Actress and executive producer Sanaa Lathan is passionate about literacy, which “releases the power of the imagination.” Known for her beauty and brains, Lathan graduated from the University of California, Berkeley with a degree in English and from Yale University with a degree in drama.

She grew up in a creative atmosphere that was richly fostered by her mother, Eleanor McCoy, a dancer and actress, and her father, Stan Lathan, a television and film director and an award-winning producer. In many ways, Lathan is living up to the meaning of her name, which translates to “art” in Swahili and “brilliance” in Arabic.

In September, the versatile actress will show another side in Screen Gems’ “The Perfect Guy.” Described as a “super high concept commercial with a nod to ‘Fatal Attraction’ in reverse, essentially, Sanaa Lathan as the Michael Douglas character and Michael Ealy in the Glenn Close role).” “The Perfect Guy” will open Sept. 21.

As we celebrate Literacy Month, the gifted artist shared her feelings about the power of the imagination and why James Baldwin is her favorite author. 

AmNews: As executive producer of the upcoming novelist Omar Tyree’s series “Flyy Girl” in which you will star as Tracy Ellison, a successful businesswoman and workaholic who believes that money is always the key to happiness, I wanted to know more about other authors that have caught your imagination.

Lathan: There are so many books that I love. “Go Tell It On the Mountain” … anything by James Baldwin. I also love “The Lion, the Witch and the Wardrobe” children series by C.S. Lewis. I also love the work of William Shakespeare and plays [in general].

I am always reading. I like to read books that give you a different spiritual perspective. “The Power of Now: A Guide to Spiritual Enlightenment” by Eckhart Tolle—I always go back to that.

You mentioned your passion for the collective works of James Baldwin. In New York, the Film Society of Lincoln Center will be presenting “The Devil Finds Work: James Baldwin on Film” (Sept. 11-14).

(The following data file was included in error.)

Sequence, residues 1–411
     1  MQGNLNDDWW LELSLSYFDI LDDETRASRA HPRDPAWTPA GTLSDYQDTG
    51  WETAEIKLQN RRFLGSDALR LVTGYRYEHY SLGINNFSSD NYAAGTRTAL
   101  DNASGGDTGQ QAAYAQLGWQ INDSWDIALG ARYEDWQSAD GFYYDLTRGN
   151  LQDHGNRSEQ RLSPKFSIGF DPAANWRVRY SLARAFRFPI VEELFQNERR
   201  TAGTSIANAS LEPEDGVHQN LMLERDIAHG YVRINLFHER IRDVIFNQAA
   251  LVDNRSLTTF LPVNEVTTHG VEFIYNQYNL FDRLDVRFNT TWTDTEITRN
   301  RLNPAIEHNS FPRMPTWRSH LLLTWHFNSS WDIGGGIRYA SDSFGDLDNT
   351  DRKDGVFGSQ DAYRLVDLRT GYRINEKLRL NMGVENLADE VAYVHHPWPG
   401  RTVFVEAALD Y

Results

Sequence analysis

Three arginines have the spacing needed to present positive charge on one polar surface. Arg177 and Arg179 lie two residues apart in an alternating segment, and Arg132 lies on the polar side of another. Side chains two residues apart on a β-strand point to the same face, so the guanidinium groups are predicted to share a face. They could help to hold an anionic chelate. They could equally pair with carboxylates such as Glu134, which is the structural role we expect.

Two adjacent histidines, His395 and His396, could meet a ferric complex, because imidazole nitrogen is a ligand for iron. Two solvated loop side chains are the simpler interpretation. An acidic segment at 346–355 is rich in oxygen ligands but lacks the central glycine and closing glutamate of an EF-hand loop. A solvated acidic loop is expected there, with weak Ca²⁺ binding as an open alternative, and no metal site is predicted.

Excellent. Excellent. If I could sit down and have dinner with anyone, it would be with James Baldwin. He was amazing and an outspoken civil rights activist and very eloquent about it. 

In talking with Quincy Newell, executive vice president of CodeBlack, and producer Effie T. Brown (HBO’s “Project Greenlight” and the upcoming “Flyy Girl”) about the “Flyy Girl” series that they will be producing, we discussed the power of well-written source material. 

I agree. I remember in acting school my [acting] teacher would always tell us to “make sure you read literature” because it’s “food” for the imagination. And the imagination is the beginning for any artist … whether you’re a painter, or a writer or an actor or singer. It all comes from telling stories, whether they come from your experience or by reading and using your imagination you can have experiences that you actually haven’t lived but you lived through by reading, you’ve experienced by storytelling. 

Books are so great [because] they go so much in-depth. If it’s a great writer, you can really feel like you know these people and know their journey.

When you were a little girl, did you have a favorite bedtime story?

You know, my mother was really good at making up bedtime stories and one of things that she would do—and it was so great—I was just talking about this with her the other day—she would always find the climax, she would just make it up … and then she came to the climax of the story and she would say, “To be continued,” and I would always scream, “Nooooooo,” and she would say, “To be continued tomorrow night.”

Then I would be anticipating the whole next day, the next chapter of the story. She was really great at doing that!

Did your mother also provide the character voices to accompany her cliff hanging bedtime stories?

Yes, she was great and she did the voices as well. She was a dancer and an actress for a while, and she was a very animated … storyteller.

In doing my research, I discovered that you were the voice of Donna in Seth MacFarlane’s “The Cleveland Show.” It’s one of my favorite guilty obsessions.

(laughs) Oh, I love that! Thank you so much. I really had a blast doing that. We did almost 100 episodes, we are no longer doing that. It was a great job! I just had fun doing it. It had me in stitches. 

Back to books. I understand that you are a “foodie.” Care to share your favorite cookbook?

(laughs) I am a foodie! A book that I love which isn’t really a cookbook but it’s one of my favorites, it’s called the “Forks Over Knives: The Cook Book,” and it’s based off a documentary that talks about how diet can change your life. I am a real “foodie” and I like to experiment. I like going online because nowadays you find anything. You can get 10 different recipes and decide what you want. So I go online for my recipes.